Did you get any answers yet?
Hi and welcome to the MS community,
Technically IF the types of symptoms and or symptom pattern and or medical history the patient has experienced is suggestive of a neurological condition like MS, the types of tests typically done is a clinical neurological assessment, full blood tests, both brain and spinal MRI's preferably using MS protocol, Lumbar puncture (LP), and a Visual Evoked Potential (VEP) if visually suggestive symptoms are included in the patients symptom pattern but there is no single test, symptom, or physical finding which confirms a person has MS.
A diagnosis may not always be made solely on the basis of MRI because a normal MRI doesn’t absolutely rule out multiple sclerosis either, and whilst the latest version of the MS Mcdonald criteria makes it possible to be dxed with just one MRI now when it comes to a neurological condition like MS to be at the top of a patients causation list, it's their collective abnormal diagnostic evidence that puts MS at the top and the diagnostic evidence can not be a more suggestive or consistent with any alternative medical condition...
Q: "Is this typical for checking for MS?
states Demyelinating process such as MS is not excluded. Recommend clinical correlation. punctate FLAIR and T2 hyperintensities in white matter in right frontal lobe;"
A: statements in your MRI report similar to 'Demyelination process such as MS is not excluded. Recommended clinical correlation' is pretty standard and it often includes other types of possible causes too eg migraine, diabetes, hypertension, cardiovascular disease etc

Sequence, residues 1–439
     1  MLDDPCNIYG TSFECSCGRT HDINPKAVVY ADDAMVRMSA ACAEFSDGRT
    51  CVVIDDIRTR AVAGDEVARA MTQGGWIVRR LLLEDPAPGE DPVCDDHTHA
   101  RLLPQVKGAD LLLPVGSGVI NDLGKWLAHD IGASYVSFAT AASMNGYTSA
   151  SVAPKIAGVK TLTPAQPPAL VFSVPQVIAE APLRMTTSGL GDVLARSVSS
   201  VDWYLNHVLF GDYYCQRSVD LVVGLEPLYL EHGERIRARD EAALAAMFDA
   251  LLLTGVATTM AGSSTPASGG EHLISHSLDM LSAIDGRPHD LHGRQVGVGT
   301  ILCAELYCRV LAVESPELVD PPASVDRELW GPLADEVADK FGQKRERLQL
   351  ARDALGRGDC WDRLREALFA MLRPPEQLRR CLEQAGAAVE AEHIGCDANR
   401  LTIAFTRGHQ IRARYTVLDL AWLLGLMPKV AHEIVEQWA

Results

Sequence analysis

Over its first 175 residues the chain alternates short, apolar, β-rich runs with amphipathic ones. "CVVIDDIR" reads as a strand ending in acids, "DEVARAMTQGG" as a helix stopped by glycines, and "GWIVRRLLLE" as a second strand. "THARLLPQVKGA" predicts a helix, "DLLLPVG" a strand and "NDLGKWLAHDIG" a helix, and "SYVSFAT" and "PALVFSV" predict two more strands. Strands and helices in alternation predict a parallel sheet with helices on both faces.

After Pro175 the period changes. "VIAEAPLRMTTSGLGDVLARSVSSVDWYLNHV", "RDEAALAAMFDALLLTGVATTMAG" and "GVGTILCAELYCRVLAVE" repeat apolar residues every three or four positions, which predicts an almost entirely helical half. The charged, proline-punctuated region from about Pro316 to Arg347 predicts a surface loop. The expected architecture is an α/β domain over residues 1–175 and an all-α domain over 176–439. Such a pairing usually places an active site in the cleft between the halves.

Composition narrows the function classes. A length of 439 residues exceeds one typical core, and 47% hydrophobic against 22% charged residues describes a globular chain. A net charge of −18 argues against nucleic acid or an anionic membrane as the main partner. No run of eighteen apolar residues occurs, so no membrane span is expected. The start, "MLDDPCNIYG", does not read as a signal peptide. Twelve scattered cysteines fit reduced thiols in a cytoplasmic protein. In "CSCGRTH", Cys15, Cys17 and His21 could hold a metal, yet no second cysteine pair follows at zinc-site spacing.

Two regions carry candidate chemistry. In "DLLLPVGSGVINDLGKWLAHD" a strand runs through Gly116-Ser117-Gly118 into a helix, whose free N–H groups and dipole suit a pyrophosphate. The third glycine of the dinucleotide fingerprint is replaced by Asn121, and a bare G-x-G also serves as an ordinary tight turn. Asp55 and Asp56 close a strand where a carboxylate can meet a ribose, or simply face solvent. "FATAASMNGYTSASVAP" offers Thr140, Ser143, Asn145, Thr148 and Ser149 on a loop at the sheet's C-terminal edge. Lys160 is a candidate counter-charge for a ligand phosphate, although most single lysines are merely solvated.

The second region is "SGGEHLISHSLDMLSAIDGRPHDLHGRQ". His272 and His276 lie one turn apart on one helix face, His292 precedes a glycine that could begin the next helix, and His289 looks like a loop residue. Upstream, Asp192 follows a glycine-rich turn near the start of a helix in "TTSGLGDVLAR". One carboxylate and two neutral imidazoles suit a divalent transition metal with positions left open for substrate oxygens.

"punctate FLAIR and T2 hyperintensities in white matter in right frontal lobe;"
Punctate is typically used when there are multiple tiny tiny, 1-2 mm or even smaller, um think microscopic dot or pinprik sized unidentifiable white matter hyper-intensities (lesions), FLAIR and T2 is just the sequence used that picked them up, T2-FLAIR stands for T2-weighted-Fluid-Attenuated Inversion Recovery.
You mentioned you have "numb feet and hands" and bilateral both upper and lower wouldn't be a typical symptom pattern suggestive of MS, it's usually more suggestive of a peripheral nervous system issue so if your scheduled to have a spinal MRI and nerve conducter tests it's possible they will help point towards what it is your dealing with.
Hope that helps.........JJ
Typically MS diagnosis comes after other problems have been ruled out, and sepera free e, distinct episodes of symptoms are medically documented, with correlated findings on MRI of white matter lesions, and possibly MRI of spine looking for lesions within spinal column.
Seems to me your doctors are following the right tract in getting you a proper diagnosis and treatment.